I’m the son of a black father and a white mother. As a child coming up in the 1980s and ’90s, I immersed myself in hip-hop style and culture, excelled at sports, rocked aerodynamic hairstyles, and spoke in the same florid body language that the older brothers at the local black barbershop were fluent in.
I played basketball fiendishly, and on the asphalt, other black players addressed me without thinking as nigga. Once or twice, some white person referred to me (also without thinking) as a nigger. I was black back then, period.
As I’ve gotten older, however, my clothes have started to fit slimmer and my interests have widened. And I can’t help but notice that I’ve become less black to others. Even before Barack Obama’s election made ours a supposedly “post-racial” society (the one-drop rule is so 20th century), the truth is that the criteria we use to designate someone as acting, or even being black in the post-civil rights/hip-hop-era often has little, sometimes even nothing at all, to do with a person’s actual racial heritage or physical characteristics. Rather, this particular designation is often an assessment of behavioral traits, a judgment of cultural values and a subjective projection of what is “real.”
The more I’ve thought about it, the more I’ve found it’s at the very margins of race, in the shadowy figure of the mulatto, that the notion of blackness can be most poignantly illuminated. This is because mixed-race blacks–while occupying a position in the culture that is at once privileged and cursed–are the physical incarnation of a racial dilemma that all blacks inevitably must confront: To sell out or keep it real? That is the question.
Consider, for example, two of the most visible mulattoes living and working today: the president himself and the rapper Drake. Both of these men are the direct offspring of black fathers and white mothers. They both proudly define themselves as black. And they both have benefited in large and tangible ways from the fact that much of the rest of the world sees them as such–despite the fact that both were raised mostly by the white sides of their families and in staggeringly un-black settings (Honolulu and Toronto, respectively).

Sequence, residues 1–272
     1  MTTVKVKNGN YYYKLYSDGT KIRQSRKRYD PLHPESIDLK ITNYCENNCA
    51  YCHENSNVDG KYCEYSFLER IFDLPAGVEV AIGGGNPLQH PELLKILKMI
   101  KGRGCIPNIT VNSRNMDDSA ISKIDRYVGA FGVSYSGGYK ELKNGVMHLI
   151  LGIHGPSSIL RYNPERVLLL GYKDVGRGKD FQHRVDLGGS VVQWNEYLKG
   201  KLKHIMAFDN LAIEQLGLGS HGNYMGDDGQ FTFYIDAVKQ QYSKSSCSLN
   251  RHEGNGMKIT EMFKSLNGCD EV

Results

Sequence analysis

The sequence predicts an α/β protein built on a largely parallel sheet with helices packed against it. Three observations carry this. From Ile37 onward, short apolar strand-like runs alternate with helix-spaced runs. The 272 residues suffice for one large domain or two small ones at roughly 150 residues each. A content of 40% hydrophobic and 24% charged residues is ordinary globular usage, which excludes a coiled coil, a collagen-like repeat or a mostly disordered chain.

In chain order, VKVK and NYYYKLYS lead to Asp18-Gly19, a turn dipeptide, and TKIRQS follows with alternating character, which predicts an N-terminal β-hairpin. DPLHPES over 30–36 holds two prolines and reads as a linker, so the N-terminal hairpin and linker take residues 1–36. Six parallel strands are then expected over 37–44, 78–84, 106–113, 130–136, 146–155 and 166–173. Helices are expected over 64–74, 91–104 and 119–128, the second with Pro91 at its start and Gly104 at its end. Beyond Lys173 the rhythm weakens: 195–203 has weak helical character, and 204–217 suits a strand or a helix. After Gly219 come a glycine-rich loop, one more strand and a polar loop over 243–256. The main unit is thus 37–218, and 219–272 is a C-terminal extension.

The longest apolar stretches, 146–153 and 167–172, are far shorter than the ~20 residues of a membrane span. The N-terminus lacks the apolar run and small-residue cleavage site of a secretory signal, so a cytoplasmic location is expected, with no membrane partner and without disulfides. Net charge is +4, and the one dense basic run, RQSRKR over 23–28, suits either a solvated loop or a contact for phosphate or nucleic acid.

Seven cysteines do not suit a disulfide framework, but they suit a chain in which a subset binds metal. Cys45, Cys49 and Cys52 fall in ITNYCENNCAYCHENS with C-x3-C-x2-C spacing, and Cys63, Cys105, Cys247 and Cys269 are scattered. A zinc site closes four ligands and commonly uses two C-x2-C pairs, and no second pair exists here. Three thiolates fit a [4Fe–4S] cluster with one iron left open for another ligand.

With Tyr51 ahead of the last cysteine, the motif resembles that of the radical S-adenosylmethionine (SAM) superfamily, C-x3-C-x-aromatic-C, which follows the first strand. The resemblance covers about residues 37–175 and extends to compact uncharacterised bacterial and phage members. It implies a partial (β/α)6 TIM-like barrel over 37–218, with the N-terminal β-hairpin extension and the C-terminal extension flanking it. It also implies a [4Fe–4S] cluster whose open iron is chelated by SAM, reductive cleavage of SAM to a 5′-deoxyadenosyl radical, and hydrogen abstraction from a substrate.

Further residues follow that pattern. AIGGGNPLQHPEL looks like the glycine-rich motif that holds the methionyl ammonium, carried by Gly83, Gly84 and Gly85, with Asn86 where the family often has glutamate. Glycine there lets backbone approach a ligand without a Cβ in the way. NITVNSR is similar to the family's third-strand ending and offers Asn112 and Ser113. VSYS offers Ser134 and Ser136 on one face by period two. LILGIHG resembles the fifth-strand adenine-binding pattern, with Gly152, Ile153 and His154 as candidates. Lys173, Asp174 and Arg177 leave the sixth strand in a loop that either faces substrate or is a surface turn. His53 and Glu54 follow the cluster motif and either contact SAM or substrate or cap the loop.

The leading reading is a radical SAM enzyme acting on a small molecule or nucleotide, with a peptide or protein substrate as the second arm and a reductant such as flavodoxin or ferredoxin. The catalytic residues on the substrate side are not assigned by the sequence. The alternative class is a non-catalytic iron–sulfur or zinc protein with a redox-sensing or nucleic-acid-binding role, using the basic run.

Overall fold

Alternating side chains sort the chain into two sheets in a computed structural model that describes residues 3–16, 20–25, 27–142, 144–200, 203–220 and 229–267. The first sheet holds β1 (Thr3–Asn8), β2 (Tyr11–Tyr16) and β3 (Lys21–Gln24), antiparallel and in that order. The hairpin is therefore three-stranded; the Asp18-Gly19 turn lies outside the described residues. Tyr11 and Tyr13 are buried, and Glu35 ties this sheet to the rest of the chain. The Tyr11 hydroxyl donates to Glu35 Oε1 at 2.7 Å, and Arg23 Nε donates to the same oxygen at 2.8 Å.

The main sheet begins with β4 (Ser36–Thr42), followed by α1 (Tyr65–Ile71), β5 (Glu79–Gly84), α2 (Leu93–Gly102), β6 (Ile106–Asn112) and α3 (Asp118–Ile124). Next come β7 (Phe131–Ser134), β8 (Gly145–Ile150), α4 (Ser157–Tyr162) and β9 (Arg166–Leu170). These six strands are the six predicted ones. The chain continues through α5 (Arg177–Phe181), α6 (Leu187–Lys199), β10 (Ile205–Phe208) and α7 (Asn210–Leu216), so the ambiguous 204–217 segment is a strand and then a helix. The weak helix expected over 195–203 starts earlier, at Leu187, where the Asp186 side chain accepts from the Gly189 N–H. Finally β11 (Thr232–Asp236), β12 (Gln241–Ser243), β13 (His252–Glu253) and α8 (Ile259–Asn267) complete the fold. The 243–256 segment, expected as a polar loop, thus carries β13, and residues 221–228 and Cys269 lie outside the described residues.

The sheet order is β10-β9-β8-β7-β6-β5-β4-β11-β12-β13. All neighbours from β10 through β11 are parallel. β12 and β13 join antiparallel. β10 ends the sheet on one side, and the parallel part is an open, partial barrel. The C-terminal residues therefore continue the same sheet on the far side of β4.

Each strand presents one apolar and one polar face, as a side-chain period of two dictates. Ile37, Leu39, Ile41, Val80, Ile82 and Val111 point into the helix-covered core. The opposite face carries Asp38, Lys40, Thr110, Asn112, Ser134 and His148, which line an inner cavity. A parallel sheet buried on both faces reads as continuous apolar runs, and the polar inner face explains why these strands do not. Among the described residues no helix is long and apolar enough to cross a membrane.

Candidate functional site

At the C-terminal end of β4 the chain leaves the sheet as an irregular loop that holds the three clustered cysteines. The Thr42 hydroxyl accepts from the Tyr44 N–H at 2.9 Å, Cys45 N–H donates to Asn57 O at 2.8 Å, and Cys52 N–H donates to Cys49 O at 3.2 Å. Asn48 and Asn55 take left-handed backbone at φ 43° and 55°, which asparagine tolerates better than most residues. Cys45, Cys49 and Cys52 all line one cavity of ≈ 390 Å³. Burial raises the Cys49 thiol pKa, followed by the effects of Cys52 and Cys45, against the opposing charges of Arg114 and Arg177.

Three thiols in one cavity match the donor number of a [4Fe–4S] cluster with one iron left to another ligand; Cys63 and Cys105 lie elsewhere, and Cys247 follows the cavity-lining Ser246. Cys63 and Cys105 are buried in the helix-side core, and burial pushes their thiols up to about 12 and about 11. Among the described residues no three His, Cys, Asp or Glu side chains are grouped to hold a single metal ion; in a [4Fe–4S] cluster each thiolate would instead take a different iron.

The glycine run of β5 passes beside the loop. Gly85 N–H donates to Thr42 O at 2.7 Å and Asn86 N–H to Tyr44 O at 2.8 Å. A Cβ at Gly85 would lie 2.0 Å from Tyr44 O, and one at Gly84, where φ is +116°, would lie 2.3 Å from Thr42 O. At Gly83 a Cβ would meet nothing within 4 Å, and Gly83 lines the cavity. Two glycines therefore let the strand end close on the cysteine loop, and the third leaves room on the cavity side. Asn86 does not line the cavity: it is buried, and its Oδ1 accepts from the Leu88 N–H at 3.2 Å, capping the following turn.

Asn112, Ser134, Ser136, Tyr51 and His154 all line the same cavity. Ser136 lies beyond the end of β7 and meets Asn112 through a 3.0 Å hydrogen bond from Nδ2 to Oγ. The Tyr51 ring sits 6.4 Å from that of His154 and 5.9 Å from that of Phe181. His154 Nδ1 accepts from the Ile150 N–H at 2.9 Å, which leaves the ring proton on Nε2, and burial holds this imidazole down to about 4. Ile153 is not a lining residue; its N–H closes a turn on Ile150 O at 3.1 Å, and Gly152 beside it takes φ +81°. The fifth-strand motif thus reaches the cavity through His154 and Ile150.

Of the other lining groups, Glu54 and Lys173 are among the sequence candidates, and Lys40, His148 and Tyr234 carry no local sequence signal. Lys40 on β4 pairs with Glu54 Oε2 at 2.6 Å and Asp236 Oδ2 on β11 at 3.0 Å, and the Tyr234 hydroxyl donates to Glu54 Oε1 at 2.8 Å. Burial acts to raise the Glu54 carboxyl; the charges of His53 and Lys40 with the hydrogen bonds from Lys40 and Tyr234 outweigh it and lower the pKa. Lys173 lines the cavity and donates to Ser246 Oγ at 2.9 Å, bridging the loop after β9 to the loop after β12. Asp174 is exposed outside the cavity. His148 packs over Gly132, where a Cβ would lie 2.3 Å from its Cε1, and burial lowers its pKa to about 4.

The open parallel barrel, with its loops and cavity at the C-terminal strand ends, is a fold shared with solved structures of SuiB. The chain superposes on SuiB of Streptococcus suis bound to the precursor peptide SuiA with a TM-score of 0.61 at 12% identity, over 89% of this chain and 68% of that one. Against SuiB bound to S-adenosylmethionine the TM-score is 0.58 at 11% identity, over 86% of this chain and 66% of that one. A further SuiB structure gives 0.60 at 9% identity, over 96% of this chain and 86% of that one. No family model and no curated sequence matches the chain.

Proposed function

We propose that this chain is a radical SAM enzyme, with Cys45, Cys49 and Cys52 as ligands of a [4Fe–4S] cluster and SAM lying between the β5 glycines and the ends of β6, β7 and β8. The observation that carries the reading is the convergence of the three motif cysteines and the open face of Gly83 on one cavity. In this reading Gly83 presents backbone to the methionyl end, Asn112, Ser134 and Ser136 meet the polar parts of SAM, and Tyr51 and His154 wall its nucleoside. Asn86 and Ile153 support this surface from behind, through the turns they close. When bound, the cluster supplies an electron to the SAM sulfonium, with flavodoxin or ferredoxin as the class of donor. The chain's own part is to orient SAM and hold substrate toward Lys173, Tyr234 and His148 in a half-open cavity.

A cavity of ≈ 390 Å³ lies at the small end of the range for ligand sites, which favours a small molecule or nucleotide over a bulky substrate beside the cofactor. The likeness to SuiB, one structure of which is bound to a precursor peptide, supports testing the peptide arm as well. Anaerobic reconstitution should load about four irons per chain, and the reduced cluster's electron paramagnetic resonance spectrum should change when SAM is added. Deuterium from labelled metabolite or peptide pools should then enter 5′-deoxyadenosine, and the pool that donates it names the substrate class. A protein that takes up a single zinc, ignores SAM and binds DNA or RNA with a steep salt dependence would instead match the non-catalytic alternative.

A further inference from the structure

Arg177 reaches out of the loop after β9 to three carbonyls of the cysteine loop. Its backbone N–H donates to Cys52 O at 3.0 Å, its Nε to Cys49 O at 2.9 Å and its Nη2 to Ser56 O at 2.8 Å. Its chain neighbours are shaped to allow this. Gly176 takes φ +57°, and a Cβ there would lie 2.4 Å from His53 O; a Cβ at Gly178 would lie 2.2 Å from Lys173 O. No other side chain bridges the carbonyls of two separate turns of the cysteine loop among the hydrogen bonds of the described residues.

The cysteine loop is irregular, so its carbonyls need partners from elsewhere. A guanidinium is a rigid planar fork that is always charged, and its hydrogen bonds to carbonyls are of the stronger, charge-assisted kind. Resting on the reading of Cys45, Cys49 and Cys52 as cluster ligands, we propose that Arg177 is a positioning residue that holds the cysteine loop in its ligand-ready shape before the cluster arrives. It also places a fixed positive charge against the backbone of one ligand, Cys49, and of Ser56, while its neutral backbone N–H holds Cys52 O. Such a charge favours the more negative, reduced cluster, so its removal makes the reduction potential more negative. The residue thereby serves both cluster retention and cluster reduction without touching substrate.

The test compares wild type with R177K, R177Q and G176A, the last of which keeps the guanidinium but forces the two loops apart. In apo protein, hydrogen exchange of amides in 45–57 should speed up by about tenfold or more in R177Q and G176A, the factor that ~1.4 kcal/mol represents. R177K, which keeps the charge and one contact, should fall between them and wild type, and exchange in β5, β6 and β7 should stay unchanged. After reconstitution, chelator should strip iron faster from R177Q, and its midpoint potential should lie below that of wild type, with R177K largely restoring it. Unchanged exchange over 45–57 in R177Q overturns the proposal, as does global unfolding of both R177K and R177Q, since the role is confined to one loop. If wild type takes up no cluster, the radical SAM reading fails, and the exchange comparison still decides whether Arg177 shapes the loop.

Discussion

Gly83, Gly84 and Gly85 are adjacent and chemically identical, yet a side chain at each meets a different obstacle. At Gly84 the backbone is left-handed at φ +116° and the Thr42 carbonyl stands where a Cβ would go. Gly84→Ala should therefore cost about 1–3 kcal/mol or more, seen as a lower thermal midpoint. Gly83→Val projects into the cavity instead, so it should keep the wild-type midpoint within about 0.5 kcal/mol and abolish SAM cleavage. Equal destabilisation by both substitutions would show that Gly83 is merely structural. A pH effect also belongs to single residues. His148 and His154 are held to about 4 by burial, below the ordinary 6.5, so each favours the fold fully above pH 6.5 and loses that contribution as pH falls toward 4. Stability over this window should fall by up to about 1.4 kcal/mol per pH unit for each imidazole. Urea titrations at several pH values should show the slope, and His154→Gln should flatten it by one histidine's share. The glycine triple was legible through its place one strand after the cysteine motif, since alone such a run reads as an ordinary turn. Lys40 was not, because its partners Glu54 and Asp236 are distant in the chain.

Obama, who has darker skin and rounder features than Drake, looks blacker to my mixed-kid eye. (Drake, who is half-Jewish, looks kind of Sicilian, with thick, bushy eyebrows, a perpetual Fred Flintstone mal razé, and a nose full of character.) Beyond just looking black, though, Obama has, as we all know at this point, also done some significantly black things in his life, such as moving to the South Side of Chicago, working as a community organizer, marrying a dark-skin black woman, joining a passionately black church, raising black children, and publishing Dreams from My Father, a veritable bildungsroman of blackness.
Drake, on the other hand, dropped out of high school and played Jimmy Brooks on the television show Degrassi: The Next Generation before turning his attention to rap. So why, then, has Drake–in spite of his foreign passport (he’s Canadian), TeenNick pedigree and all-around not-very-real upbringing–able to effortlessly ingratiate himself with black America, whereas Obama struggled mightily to convince us to accept him as one of our own? (Think back to the primaries; it was only in victory that Obama became black.) The answer to this question speaks to one of the most heartbreaking aspects of black life today.
We have been, for a while now, caught up in a vexed zeitgeist in which, for African Americans, racial integrity overwhelmingly equates to embracing the narrow values of the black street culture of the past three decades: hip-hop culture. Or, to put it another way, to be black in a “real” way nowadays is to more closely resemble Jay-Z or Carmelo Anthony than James Baldwin or Thurgood Marshall.